Then consider the process for recording a delivery. What are the capabilities of the handheld devices the delivery teams use? Will a scanned barcode on point of delivery suffice for a confirmation? Will a date and time stamp be sufficient, or is photographic evidence needed for instance? If it’s the latter, you may need to look at how your system files these images and where they are stored so they can be easily retrieved and are GDPR compliant. Ideally they should be automatically associated with the order in question.  

How will this affect the scheduling? You may be thinking that if there isn’t the interaction at the doorstep then schedules will be shorter. However, there will now be a question of welfare to factor in. For example, where will delivery drivers go to wash their hands and use a toilet if shops, café’s and restaurants are closed? Will they come back to the depot more frequently, will they have to go home?  

Finally, it’s possible that staff will be forced to self-isolate at some point, so some schedules may become longer as members of the team pick up more of the work. This too could affect the routes you plot and the time it takes to get the rounds done.  

What are the other safety requirements this approach needs? There are plenty of questions that need to be answered and it is worth getting a health and safety specialist involved to help. Among the questions to ask when you define the new process are:    

  • Do your teams need protective clothing and masks, disposable gloves, access to sanitisers for hands and steering wheels?
  • Are vans cleaned before a shift changeover, and who does this?
  • How are packages handled so that risk of a virus staying on a surface is minimised?
  • How will you clean devices that are used to track deliveries?

Covid-19 is testing the resilience and adaptability of everyone and every business. We are all in the same boat. Managing the situation needs some careful thought. That can be hard to do when things are moving at such a fast pace. So, speaking to an expert and learning from the experiences of other companies like yours can help everyone maintain delivery standards and keep people safe.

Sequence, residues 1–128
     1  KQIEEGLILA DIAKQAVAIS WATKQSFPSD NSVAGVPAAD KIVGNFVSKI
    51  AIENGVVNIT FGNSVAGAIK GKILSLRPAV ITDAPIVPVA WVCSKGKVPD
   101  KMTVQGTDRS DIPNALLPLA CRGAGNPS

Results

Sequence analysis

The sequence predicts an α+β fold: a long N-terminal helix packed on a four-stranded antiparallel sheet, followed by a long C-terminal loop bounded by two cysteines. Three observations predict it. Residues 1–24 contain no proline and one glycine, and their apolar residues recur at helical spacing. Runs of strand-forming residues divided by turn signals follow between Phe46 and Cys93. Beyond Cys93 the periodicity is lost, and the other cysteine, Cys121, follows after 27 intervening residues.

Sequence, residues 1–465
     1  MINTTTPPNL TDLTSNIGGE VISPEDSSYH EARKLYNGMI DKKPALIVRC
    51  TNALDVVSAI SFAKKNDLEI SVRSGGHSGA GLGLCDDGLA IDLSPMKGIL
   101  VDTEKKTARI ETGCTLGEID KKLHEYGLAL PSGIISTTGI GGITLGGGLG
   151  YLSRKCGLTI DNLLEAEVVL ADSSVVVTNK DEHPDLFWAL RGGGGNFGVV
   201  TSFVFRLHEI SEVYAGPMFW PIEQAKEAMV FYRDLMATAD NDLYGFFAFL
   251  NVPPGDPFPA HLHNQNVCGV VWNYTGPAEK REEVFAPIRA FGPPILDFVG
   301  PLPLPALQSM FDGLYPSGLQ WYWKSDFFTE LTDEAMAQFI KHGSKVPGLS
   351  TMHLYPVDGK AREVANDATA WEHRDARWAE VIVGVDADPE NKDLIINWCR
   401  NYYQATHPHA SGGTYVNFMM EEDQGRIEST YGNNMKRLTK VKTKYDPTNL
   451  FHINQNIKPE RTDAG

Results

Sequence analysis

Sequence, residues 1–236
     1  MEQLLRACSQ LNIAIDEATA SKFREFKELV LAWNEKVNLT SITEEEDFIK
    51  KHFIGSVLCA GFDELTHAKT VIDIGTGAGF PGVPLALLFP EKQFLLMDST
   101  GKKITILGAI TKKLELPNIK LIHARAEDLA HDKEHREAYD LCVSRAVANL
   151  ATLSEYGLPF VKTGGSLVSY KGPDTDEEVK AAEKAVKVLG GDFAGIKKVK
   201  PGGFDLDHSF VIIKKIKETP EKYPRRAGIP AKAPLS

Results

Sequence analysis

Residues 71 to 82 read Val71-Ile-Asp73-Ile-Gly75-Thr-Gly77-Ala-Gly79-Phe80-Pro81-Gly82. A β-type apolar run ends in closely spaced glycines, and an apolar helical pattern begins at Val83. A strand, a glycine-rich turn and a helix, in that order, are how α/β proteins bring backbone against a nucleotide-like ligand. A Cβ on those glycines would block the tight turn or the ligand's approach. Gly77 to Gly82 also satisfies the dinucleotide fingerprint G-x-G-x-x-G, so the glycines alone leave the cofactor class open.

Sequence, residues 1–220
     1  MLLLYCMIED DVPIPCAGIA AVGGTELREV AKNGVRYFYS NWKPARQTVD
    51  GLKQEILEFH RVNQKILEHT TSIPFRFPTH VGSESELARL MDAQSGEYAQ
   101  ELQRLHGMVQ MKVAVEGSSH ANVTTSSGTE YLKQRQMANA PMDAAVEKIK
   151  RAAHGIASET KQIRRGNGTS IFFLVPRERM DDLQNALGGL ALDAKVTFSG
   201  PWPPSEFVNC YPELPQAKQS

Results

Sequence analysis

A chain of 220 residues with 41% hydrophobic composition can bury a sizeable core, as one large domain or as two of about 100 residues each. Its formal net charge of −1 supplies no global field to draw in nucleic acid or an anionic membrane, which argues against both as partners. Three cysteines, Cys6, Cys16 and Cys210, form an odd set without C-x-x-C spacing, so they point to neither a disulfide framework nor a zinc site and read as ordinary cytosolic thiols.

Government and national resources  

Even during these difficult times, you’ve still got a business to run and ongoing costs to meet. At the time of writing, to help with this the UKGovernment has announced that it will offer a 100% Business Rates retail discount for companies whose property’s rateable value is less than £51,000. Businesses that pay little to no rates may also receive a £3,000 grant, provided they’re currently eligible for Small Business Rate Relief (SBBR) or Rural Rates Relief.

In addition to this, the government will soon be launching a new ‘Business Interruption Loan Scheme’ that will support small and medium-sized businesses that need access to bank lending and overdraft services.

If, however, you’re facing immediate cashflow issues, you may be able to delay your tax payments to HMRC by calling their helpline on 0800 015 559. Alternatively, you could get in touch with the Small Business Commissioner, an independent office dedicated to assisting small businesses affected by late or unfair payment issues.

It’s also worth checking to see if you’re covered by your business insurance – especially if you’ve purchased supply chain or denial of access cover – since the Chancellor has confirmed that the government’s advice is sufficient for businesses to make a claim, where they have appropriate interruption cover for pandemics in place.

As always, you should stay on top of the latest information and advice for businesses on the government’s website and the latest health guidancefrom the NHS and World Health Organisation.